With 1994's Geek the Girl, Lisa Germano found the perfect balance of her work's inherent contrasts. On songs like "My Secret Reason," soft, intricate arrangements surround her raw, whispery vocals and unflinching lyrics, making it even easier for them to get unsettlingly close to you. A largely autobiographical album about a girl's emotional and sexual coming of age, each of Geek the Girl's songs -- particularly the title track -- fairly tremble with awkward sadness and self-discovery. Shimmering, hesitant songs like "Trouble" sound like they might float off the album, but Germano's delivery of lyrics like "Little by little you touched my heart/ Where they had touched it too" gives them a delicate determination. Geek the Girl also braves the uglier possibilities of adolescent girlhood, whether it's rape ("Cry Wolf") or growing up too fast ("Sexy Little Girl Princess"). The album's centerpiece, "... A Psychopath," inspired by Germano's own experiences with a stalker, mixes excerpts of a 911 caller confronting an intruder, Germano's deadpan delivery of lyrics like "A baseball bat beside my bed/You win again/I am alone /And paralyzed" and brooding, scraping violins. Geek the Girl never feels whiny, thanks to Germano's abstract lyrics and the album's clever structure: snippets of whimsical Italian folk tunes bookend Geek the Girl's darkest, most intense moments, offering a tiny bit of comic relief. Similarly, "Cancer of Everything," a harshly funny cry for attention, borrows Happiness's ironic humor. Hypnotic instrumentals like "Phantom Love" and "Just Geek" also provide respites from the album's wrenching emotions, but songs like "...Of Love and Colors" and "Stars" end the album with something more important: hope. Geek the Girl's brave whispers hit on more emotional truths than the self-important screams of Germano's mid-'90s, women-in-rock contemporaries.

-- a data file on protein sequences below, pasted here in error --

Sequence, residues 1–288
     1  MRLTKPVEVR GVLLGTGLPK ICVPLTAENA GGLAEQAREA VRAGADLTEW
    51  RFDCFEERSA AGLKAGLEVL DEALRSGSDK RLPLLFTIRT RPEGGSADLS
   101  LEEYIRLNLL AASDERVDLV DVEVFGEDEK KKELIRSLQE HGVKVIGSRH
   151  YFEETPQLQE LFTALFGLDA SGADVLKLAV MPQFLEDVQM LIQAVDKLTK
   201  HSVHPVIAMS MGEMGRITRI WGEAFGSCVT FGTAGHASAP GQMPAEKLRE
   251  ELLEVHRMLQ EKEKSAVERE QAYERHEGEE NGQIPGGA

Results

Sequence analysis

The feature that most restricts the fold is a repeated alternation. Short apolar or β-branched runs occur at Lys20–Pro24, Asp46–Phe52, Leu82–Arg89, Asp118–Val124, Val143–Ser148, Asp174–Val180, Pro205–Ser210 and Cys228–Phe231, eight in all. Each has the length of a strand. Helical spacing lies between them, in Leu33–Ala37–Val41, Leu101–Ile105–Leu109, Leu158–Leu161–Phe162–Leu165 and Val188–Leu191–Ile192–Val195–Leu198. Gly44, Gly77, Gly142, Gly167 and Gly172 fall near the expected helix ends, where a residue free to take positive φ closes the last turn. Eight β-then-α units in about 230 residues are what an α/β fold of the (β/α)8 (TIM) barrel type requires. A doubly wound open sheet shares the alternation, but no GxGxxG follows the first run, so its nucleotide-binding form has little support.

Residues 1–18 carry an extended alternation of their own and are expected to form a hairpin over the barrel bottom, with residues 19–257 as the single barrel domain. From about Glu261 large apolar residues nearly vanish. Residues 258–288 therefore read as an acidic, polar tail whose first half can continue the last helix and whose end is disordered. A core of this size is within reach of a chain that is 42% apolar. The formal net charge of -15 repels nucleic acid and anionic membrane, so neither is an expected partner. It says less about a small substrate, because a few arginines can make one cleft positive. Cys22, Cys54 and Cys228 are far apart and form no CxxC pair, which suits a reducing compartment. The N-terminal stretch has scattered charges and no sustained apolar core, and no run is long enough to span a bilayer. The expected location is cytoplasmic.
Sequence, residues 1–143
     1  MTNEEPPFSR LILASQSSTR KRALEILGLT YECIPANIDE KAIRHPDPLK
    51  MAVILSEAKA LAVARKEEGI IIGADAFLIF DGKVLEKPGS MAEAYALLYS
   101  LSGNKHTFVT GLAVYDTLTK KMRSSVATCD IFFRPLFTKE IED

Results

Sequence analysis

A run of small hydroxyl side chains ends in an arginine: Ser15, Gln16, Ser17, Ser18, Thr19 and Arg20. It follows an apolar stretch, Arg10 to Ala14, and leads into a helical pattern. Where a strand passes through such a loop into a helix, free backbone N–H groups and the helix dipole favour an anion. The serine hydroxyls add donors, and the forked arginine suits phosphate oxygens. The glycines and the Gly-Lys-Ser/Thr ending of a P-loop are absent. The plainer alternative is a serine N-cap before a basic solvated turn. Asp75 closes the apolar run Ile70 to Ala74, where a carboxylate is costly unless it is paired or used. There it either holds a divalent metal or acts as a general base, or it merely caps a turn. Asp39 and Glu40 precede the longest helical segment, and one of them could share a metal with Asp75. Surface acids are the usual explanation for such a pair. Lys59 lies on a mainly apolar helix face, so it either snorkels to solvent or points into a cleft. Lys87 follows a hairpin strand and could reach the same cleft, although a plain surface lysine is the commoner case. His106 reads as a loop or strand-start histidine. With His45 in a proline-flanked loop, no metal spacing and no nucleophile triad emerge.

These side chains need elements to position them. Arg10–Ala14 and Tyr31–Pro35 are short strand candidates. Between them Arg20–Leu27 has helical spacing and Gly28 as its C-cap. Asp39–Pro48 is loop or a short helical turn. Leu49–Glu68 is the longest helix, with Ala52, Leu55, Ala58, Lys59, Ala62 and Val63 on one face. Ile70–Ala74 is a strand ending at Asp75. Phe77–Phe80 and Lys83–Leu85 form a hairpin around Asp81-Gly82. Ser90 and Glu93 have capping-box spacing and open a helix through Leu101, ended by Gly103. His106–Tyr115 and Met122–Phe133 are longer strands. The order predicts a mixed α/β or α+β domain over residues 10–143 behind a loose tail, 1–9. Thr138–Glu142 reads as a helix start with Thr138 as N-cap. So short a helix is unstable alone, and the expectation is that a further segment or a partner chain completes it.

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AllMusic Review by Heather Phares